The 29th annual Home & Garden Show offered an array of vendor exhibits and educational workshops Friday at the Pine Bluff Convention Center.

A collaboration of the Jefferson County Master Gardeners, Jefferson County Cooperative Extension Service, and the Pine Bluff/Jefferson County Clean & Beautiful Commission, the show’s organizers spend a year to plan the event.

Event chairwoman Linda Soffer highlighted new vendors, a birds of prey exhibit, live plants, and 60 students from Belair Middle School. The show continues today from 9 a.m. to 3 p.m. Admission is free.

Bettye Johnson has been a master gardener for 10 years and has worked to prepare each show for 29 years. She expects 2,000 people to visit the show between by the time it ends today.

“The purpose is to promote gardening and pride in your home and surroundings, to teach people to take care of plants,” Johnson said.

The master gardeners grow flowers along Martha Mitchell Expressway, grow produce elsewhere, and donate fresh produce to homeless shelter Neighbor to Neighbor.

“This is how we raise money,” Johnson said of the show. “We are so glad to see so many people coming out.”

Barbara Schmitt is the ministry coordinator at Christ the King Lutheran Church of Memphis, Tennessee, and provided water to Job the comfort dog. Schmitt welcomed visitors to pet Job. The church uses Job to comfort survivors of terror attacks, including the Boston Marathon bombing, the Orlando nightclub shootings, the aftermath of tornadoes and a school bus crash in Chattanooga, Tennessee. The church also brings Job to nursing homes, hospitals, schools, churches, and basketball games.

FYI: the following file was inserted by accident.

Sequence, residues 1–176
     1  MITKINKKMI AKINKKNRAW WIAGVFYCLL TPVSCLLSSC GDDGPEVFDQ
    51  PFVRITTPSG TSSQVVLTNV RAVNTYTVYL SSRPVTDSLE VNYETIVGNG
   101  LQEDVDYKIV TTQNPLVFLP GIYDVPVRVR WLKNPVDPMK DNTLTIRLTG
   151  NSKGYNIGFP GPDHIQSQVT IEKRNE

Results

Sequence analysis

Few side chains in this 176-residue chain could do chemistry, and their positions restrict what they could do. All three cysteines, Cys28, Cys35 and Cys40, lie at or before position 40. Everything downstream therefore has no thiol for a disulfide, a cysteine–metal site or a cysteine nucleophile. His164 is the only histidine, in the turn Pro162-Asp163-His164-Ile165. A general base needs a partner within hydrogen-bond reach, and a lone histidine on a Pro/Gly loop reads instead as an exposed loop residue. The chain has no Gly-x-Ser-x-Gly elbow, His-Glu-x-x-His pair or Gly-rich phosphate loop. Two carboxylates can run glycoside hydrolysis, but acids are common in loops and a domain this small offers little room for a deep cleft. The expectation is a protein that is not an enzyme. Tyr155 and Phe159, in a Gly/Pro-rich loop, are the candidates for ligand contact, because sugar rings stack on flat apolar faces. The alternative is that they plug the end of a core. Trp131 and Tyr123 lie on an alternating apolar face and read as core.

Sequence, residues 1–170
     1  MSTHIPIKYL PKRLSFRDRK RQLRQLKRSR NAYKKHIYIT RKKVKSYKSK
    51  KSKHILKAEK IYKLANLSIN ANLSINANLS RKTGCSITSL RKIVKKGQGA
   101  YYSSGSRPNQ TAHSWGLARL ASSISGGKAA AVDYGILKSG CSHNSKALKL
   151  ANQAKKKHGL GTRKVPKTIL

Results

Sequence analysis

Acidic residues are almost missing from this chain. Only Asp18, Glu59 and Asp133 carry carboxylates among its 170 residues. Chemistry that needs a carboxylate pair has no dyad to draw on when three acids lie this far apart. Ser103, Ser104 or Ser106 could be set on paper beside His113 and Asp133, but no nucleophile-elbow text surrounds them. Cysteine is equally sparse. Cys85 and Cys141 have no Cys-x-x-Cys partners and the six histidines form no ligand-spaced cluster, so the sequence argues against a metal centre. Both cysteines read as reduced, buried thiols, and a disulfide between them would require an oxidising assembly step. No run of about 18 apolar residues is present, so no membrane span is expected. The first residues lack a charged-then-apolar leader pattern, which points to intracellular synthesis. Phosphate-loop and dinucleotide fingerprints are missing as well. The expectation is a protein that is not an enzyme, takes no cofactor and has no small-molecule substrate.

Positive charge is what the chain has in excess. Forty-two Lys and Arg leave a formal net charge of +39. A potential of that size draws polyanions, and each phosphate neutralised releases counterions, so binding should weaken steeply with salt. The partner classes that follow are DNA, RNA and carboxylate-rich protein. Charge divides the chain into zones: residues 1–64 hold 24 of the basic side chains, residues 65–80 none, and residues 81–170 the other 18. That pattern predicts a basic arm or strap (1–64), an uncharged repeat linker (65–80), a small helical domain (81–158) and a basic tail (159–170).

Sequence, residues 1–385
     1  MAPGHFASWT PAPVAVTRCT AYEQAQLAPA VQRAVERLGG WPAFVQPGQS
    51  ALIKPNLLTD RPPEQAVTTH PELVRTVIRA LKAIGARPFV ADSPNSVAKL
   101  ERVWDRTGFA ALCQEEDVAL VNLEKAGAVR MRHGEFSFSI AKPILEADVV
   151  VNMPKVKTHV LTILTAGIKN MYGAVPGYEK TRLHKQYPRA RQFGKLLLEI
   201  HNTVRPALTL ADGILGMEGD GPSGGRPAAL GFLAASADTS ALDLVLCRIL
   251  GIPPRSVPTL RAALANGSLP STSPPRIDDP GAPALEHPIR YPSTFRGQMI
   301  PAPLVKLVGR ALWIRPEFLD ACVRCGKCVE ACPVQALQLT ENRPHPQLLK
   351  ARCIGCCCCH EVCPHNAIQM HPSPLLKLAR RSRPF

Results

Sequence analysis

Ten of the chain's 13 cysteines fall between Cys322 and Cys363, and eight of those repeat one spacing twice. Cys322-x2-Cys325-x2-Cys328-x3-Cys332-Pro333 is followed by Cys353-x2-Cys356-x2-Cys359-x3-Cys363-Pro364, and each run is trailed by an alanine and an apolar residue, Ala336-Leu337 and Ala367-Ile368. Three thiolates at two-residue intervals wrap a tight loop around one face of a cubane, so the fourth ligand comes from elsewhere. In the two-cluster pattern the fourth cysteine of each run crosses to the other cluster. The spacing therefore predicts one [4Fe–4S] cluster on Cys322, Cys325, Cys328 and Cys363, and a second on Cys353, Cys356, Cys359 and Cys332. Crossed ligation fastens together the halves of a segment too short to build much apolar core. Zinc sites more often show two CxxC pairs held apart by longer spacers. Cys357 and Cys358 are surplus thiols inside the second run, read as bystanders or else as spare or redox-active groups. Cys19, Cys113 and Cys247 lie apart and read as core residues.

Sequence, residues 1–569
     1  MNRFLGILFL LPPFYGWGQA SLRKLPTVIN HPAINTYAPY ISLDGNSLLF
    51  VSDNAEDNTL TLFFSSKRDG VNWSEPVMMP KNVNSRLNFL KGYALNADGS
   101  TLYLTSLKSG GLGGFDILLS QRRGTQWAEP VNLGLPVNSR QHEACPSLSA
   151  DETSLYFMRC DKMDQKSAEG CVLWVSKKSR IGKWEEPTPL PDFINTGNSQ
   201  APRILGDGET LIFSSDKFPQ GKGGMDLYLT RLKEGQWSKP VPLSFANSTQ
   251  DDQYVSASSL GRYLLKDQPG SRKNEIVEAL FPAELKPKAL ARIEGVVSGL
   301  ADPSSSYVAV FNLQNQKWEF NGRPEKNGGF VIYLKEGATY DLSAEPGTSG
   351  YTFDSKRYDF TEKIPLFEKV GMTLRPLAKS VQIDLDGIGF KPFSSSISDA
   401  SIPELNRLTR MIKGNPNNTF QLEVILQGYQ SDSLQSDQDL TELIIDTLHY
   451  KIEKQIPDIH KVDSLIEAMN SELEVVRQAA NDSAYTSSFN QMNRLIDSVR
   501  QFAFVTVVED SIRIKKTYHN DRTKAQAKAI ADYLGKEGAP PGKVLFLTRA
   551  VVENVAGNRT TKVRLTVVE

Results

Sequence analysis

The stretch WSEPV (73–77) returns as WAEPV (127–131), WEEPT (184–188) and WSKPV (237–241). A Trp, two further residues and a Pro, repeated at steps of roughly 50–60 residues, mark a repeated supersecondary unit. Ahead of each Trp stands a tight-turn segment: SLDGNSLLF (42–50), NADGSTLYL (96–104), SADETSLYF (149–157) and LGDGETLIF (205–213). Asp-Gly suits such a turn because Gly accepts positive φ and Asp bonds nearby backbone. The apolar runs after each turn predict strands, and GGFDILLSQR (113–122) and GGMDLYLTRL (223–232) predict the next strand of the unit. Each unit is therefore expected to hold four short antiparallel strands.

“Job comforts first responders and brings a little joy into everyone’s lives,” Schmitt said. “He is owned by our church. Job is a bridge for his human handlers to minister to those people in need.”

Rachel Cherry is the public programs coordinator of the Arts & Science Center for Southeast Arkansas. She discussed a program with students through the Merrill Community Center and the Boys & Girls Club.

“We’ve been creating stop-motion animation stories based on ‘Jack and the Beanstalk,’” Cherry said. “[Students] learned how to grow a beanstalk and created technological stories. The idea was to teach the kids from start to finish about growing things and the concepts of creating stories and applying it to technology. We are showcasing their work.”

Cindy Barszczewski belongs to a group of friends called Stitching Together. They make quilts and display them at the show.

“A lot of people have older quilts that have been packed away, and nobody sees them,” Barszczewski said. “Now they get a chance to show their grandmother’s quilt.”

Sue Womack agreed with her friend and fellow quilter Barszczewski.

“One reason I do this is because it brings back beautiful memories for so many people,” Womack said. “They look at them and say, ‘I remember when my grandmother did this.’ If you can bring back good memories, you’ve done something.”

Stitching Together includes Suzanne Hulse, Carol Hurt and Pam Brown.

Educational seminars scheduled for today include Get Out of the Dirt from 9:30 a.m. to 10:15 a.m.; An Extremely Brief into to Aquaponics from 11 a.m. to 11:45 a.m.; Tree Trimming and Maintenance from 1 p.m. to 1:30 p.m.; and raffle drawings at 3 p.m.